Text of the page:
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US-EU agree ceasefire in long-running trade war over aircraft subsidies

A five-year ceasefire in the long-running US-EU trade war over subsidies to aircraft makers has been agreed.

Article originally published by The Guardian. Hargreaves Lansdown is not responsible for its content or accuracy and may not share the author's views. News and research are not personal recommendations to deal. All investments can fall in value so you could get back less than you invest.

A five-year ceasefire in the long-running US-EU trade war over subsidies to aircraft makers has been agreed during Joe Biden’s visit to Brussels, as the White House sought to focus attention on the greater threat said to be posed by China.

Billions of euros and dollars worth of tit-for-tat tariffs imposed on the US manufacturer Boeing and its European rival Airbus will be suspended after both sides committed to work on removing unfair subsidies.

As an EU member state, the UK had also been hit by US tariffs linked to the dispute and the government had imposed its own on American goods. Those were mutually suspended in March.

It is understood the US trade representative, Katherine Tai, will meet the international trade secretary, Liz Truss, on Wednesday and a longer-lasting ceasefire is expected, in the mould of Biden’s deal with the EU.

The European Commission president, Ursula von der Leyen, described the announcement of a suspension of tariffs between the EU and the US as a “breakthrough”.

“This really opens a new chapter in our relationship because we move from litigation to cooperation on aircraft – after 17 years of dispute,” she said.

Tai said it reflected the desire of the new administration to stop clashing with its allies in light of the challenge posed by Beijing and ahead of Biden’s meeting with the Russian president, Vladimir Putin, on Wednesday.

“Today’s announcement resolves a longstanding trade irritant in the US-Europe relationship,” Tai said. “Instead of fighting with one of our closest allies, we are finally coming together against a common threat.

“We agreed to work together to challenge and counter China’s non-market practices in this sector in specific ways that reflect our standards for fair competition.”

An Airbus spokesperson said: “Airbus welcomes news of an agreement between the European Commission and USTR regarding the WTO dispute on large civil aircraft.

“This will provide the basis to create a level-playing field which we have advocated for since the start of this dispute. It will also avoid lose-lose tariffs that are only adding to the many challenges that our industry faces.”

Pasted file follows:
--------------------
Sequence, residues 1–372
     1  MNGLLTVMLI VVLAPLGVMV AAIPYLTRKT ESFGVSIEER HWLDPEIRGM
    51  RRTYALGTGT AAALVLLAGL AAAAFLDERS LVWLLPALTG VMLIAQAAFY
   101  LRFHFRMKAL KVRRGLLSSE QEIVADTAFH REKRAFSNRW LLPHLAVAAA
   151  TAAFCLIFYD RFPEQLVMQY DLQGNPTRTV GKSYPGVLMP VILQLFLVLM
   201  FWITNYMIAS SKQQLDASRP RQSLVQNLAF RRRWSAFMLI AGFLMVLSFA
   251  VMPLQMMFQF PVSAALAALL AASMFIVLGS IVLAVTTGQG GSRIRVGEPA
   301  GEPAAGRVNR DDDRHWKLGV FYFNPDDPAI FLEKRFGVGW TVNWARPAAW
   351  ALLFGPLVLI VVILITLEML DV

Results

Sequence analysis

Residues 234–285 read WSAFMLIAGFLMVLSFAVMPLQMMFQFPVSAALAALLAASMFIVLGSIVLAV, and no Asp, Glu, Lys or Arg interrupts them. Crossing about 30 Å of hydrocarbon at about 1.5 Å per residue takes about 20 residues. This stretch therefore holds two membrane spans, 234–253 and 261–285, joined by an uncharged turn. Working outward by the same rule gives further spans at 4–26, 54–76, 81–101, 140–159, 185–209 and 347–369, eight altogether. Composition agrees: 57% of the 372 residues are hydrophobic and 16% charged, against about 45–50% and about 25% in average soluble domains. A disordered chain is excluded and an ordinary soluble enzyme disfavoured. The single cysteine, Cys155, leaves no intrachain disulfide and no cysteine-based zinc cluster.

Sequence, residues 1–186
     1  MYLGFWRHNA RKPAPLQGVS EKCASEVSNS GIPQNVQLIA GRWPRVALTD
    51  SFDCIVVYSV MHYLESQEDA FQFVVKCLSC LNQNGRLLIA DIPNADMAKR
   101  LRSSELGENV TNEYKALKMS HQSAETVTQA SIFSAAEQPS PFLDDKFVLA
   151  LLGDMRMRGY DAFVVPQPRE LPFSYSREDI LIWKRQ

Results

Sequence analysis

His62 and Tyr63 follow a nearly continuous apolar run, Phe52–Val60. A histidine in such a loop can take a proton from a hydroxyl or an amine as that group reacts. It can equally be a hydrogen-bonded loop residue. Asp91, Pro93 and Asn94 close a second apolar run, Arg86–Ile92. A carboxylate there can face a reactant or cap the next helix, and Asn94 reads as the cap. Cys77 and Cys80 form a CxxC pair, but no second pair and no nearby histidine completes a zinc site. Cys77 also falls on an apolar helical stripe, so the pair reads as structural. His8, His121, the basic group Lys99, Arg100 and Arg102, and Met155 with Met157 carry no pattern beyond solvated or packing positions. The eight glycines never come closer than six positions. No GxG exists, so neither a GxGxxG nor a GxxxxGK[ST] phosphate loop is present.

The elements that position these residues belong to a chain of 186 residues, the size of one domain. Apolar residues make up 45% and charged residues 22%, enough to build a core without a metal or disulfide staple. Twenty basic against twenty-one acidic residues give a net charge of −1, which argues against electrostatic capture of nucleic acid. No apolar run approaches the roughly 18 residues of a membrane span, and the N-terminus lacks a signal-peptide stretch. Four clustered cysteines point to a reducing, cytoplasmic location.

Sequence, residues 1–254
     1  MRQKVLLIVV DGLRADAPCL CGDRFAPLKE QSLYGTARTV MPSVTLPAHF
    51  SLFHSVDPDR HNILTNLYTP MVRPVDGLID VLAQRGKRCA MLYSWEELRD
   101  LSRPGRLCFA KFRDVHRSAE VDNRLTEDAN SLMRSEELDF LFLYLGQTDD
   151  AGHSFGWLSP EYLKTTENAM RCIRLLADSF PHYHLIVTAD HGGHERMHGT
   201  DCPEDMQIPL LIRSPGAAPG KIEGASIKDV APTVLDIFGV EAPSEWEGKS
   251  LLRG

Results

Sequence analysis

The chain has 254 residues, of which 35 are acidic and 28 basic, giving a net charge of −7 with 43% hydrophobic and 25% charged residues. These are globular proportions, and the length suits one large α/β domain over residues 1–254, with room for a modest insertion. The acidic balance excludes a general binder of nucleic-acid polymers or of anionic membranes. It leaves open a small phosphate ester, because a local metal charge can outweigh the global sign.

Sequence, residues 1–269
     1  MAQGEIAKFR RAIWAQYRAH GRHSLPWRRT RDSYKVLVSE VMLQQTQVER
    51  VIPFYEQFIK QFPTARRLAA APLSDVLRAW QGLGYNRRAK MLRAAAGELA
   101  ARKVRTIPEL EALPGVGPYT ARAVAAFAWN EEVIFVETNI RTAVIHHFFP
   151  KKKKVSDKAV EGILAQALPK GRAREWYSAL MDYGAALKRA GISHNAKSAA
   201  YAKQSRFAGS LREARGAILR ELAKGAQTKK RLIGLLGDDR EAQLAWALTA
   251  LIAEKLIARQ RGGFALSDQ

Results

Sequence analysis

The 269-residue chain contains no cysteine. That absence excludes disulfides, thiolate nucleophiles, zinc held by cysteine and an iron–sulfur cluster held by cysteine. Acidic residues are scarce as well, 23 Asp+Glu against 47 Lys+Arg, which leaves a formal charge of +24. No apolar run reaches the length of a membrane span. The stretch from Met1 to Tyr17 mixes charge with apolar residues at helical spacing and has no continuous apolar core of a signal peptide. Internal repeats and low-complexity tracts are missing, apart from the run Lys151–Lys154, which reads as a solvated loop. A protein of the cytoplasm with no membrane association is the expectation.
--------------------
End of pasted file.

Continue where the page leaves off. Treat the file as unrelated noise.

The tariffs applied by both sides had been temporarily suspended since 11 March. The new agreement will officially go into effect on 11 July.

A minister-level working group will be established to discuss limits on subsidies and both sides agreed to ensure funding will not “harm the other side”. The two sides also pledged to work together in “addressing non-market practices of third parties”.

The announcement came at the end of a summit in Brussels attended by Biden, Von der Leyen and the European Council president, Charles Michel, the first such meeting in seven years.

“I think the future is very, very bright, we have the opportunity to do some very good things,” Biden said.

The US president, after attending the G7 meeting in Cornwall and a Nato gathering in Brussels, chose not to join Von der Leyen and Michel at a post-summit press conference but he will travel next to Geneva to hold talks with Putin.

Under a joint EU-US statement, it was further agreed that Brussels and Washington would establish a forum on Russia to exchange ideas on tackling disruptive moves by Moscow, including cyber-attacks and disinformation.

About $11.5bn (£8.2bn) of tariffs had been applied on goods ranging from EU wine to US tobacco and spirits over the issue of state subsidies for aircraft manufacturers Boeing and Airbus. The row had become the longest running dispute in the history of the World Trade Organization. Both sides said the disagreement had been a serious drain on economic growth.

The French president, Emmanuel Macron, welcomed the deal, saying it would help French winemakers. “This is effective cooperation. This is good news for our wine producers,” he said.

Tai said tariffs could be reapplied at any point, however, if it was found that US companies were not being allowed to “compete fairly”. There was also no commitment by Biden to lift tariffs applied by Donald Trump on EU steel and aluminium, part of a separate dispute.

Von der Leyen insisted she was confident a solution would be found before the end of the year on steel and hailed a new understanding between Brussels and Washington. She said the EU would hold fire for six months on countermeasures it could have imposed on US steel and aluminium.

Germany’s economy minister, Peter Altmaier, said the accord was “a great relief”. Bruno Le Maire, France’s minister for economy and finance, said he hoped for a “permanent” end to the dispute.


This article was written by Jasper Jolly and Daniel Boffey in Brussels from The Guardian and was legally licensed through the Industry Dive publisher network. Please direct all licensing questions to legal@industrydive.com.


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    Article originally published by The Guardian. Hargreaves Lansdown is not responsible for its content or accuracy and may not share the author's views. News and research are not personal recommendations to deal. All investments can fall in value so you could get back less than you invest.

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